Protein expression was evaluated by Western blotting to confirm gene expression data in both (A) the MCF10A PI3Kα isogenic pair (+/+ and H1047R/+) and (B) the HCT116 PI3Kα isogenic pair (+/− and H1047R/+) of cell lines.
While historical studies have demonstrated connections between the PI3K-AKT-mTOR pathway and metabolism, the model systems used have often relied on comparisons between cell lines that have multiple genetic differences or used over-expression strategies that are not reflective of patient tumour genetics. The predominant focus of research has centred on the influence of tumour genetics on glucose metabolism. However, genetic alterations can also dictate alternative nutrient and metabolic dependencies.
In order to explore how endogenous PIK3CA mutations specifically alter metabolic pathways and to better understand whether any of these potential changes establish therapeutically targetable cellular metabolic dependencies, we have performed focused metabolic gene expression analysis, nutrient switching and siRNA experiments using isogenic cell line models that are genetically identical, apart from the mutation status of the endogenous PIK3CA gene.
Materials and Methods
All MCF10A and HCT116 X-MAN™ isogenic cell lines were obtained from Horizon Discovery Ltd (http://www.horizondiscovery.com). The following X-MAN™ isogenic cell lines were used in this study: MCF10A PI3Kα (H1047R/+), heterozygous knock-in of PIK3CA kinase domain activating mutation (HD 101–011); MCF10A PI3Kα (E545K/+), heterozygous knock-in of PIK3CA helical domain activating mutation (HD 101–002); HCT116 PI3Kα (+/−), knock-out of PIK3CA kinase domain mutant allele (H1047R) in heterozygous parental cells (HD 104–007). Parental cell lines, MCF10A PI3K (+/+) and HCT116 PI3K (H1047R/+) were also used. All isogenic cell lines were created using rAAV-mediated homologous recombination to precisely and stably alter specific target genomic loci , . All MCF10A isogenic cell lines were maintained in DMEM/F12 media (PAA) supplemented with 5% horse serum (Invitrogen), 10 µg/ml insulin (Sigma), 0.5 µg/ml hydrocortisone (Sigma) and 0.1 µg/ml cholera toxin (Sigma). MCF10A parental cells were additionally supplemented with 20 ng/ml hEGF (R&D Systems). HCT116 isogenic cell lines were maintained in McCoy’s 5A media (Invitrogen) supplemented with 10% foetal bovine serum (PAA).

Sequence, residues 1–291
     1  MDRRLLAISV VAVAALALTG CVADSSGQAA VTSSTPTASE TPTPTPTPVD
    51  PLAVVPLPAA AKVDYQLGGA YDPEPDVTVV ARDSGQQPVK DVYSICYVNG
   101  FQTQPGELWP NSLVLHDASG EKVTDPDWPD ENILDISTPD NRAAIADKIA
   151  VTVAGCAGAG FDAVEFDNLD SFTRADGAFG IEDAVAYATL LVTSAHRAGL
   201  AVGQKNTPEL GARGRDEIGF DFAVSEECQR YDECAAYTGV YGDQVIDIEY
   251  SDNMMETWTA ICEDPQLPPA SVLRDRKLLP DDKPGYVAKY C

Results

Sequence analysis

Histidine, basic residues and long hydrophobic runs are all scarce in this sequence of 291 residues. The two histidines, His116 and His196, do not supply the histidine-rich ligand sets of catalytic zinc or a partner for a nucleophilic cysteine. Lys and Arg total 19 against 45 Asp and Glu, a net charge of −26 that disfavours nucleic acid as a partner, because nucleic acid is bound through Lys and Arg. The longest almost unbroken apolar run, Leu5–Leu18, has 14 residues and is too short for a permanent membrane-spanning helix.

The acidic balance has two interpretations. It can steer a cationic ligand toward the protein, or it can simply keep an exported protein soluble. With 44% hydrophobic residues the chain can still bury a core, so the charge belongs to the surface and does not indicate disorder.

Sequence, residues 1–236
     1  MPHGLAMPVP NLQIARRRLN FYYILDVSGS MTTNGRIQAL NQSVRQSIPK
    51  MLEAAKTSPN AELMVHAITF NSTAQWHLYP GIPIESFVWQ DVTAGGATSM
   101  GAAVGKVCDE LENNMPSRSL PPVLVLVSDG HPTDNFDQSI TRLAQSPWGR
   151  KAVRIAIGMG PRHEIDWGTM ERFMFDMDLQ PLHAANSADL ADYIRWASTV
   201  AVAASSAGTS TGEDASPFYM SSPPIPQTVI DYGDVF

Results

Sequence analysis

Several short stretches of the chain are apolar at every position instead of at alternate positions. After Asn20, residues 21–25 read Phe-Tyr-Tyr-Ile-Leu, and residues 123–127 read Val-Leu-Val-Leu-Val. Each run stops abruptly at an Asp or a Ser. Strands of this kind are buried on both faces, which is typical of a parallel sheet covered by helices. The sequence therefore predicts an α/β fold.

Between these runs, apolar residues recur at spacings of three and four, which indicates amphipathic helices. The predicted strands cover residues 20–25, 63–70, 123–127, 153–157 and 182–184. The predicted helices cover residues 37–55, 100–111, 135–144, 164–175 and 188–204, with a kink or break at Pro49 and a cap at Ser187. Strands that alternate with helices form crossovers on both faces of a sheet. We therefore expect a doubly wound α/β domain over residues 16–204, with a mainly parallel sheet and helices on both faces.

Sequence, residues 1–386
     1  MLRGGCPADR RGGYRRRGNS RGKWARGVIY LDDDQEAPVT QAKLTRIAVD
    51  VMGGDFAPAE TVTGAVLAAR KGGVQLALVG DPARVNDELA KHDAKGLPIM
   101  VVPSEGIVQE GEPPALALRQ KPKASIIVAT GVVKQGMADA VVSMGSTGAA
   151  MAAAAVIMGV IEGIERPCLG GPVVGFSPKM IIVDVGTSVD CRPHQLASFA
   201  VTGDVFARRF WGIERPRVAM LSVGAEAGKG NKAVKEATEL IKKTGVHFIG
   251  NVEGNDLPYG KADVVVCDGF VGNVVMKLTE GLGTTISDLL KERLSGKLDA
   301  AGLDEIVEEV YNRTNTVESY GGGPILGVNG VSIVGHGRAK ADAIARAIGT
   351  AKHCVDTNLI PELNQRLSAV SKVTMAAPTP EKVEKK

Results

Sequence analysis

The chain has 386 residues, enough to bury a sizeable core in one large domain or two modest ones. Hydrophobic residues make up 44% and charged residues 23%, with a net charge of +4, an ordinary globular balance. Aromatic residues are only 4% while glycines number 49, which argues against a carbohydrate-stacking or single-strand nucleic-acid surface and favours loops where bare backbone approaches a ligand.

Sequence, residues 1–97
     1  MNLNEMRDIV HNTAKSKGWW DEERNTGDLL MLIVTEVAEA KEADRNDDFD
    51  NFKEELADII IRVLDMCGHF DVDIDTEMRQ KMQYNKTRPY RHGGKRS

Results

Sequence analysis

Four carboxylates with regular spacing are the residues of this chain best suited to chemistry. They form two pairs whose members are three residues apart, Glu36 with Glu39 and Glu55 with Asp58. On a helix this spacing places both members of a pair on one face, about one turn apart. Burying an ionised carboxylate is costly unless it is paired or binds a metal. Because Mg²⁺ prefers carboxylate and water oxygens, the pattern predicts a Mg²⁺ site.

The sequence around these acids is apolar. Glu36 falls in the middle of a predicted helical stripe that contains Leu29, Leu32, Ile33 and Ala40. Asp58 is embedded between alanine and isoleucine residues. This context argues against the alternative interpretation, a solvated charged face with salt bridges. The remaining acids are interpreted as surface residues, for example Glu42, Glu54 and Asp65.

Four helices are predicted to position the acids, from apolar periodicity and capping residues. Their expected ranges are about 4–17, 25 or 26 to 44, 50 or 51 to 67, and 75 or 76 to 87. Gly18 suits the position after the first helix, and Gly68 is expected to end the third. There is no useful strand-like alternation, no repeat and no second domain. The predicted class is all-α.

Non-isogenic cell lines harbouring PIK3CA mutations were purchased from ATCC (BT20, DLD-1, MDA-MB-453 and RKO) and ECACC (MCF7 and T47D), and maintained according to the supplier recommendations.
MCF10A PI3Kα isogenic cells (+/+, H1047R/+ and E545K/+) and HCT116 isogenic cells (+/− and H1047R/+) were grown in media containing 2 mM glutamine and the indicated concentrations of glucose (A and B respectively), or in media containing 25 mM glucose and the indicated concentrations of glutamine (C and D respectively) for 120 hours and cell growth assessed using SRB. Growth of each cell line is expressed relative to growth in 25 mM glucose or 2 mM glutamine (*p<0.05; **p<0.01).
MCF10A PI3Kα (+/+) and MCF10A PI3Kα (H1047R/+) cells were grown for 120 hours in media containing 25 mM glucose or without glucose as indicated. All media contained 2 mM glutamine. Additionally, cells grown without glucose were supplemented with either 0.5 mM fructose (+ fruct), 10 mM galactose (+ galact), fatty acid cell culture supplement (+FA) or 0.1 mM aspartic acid (+AA). Cell growth was assessed using SRB.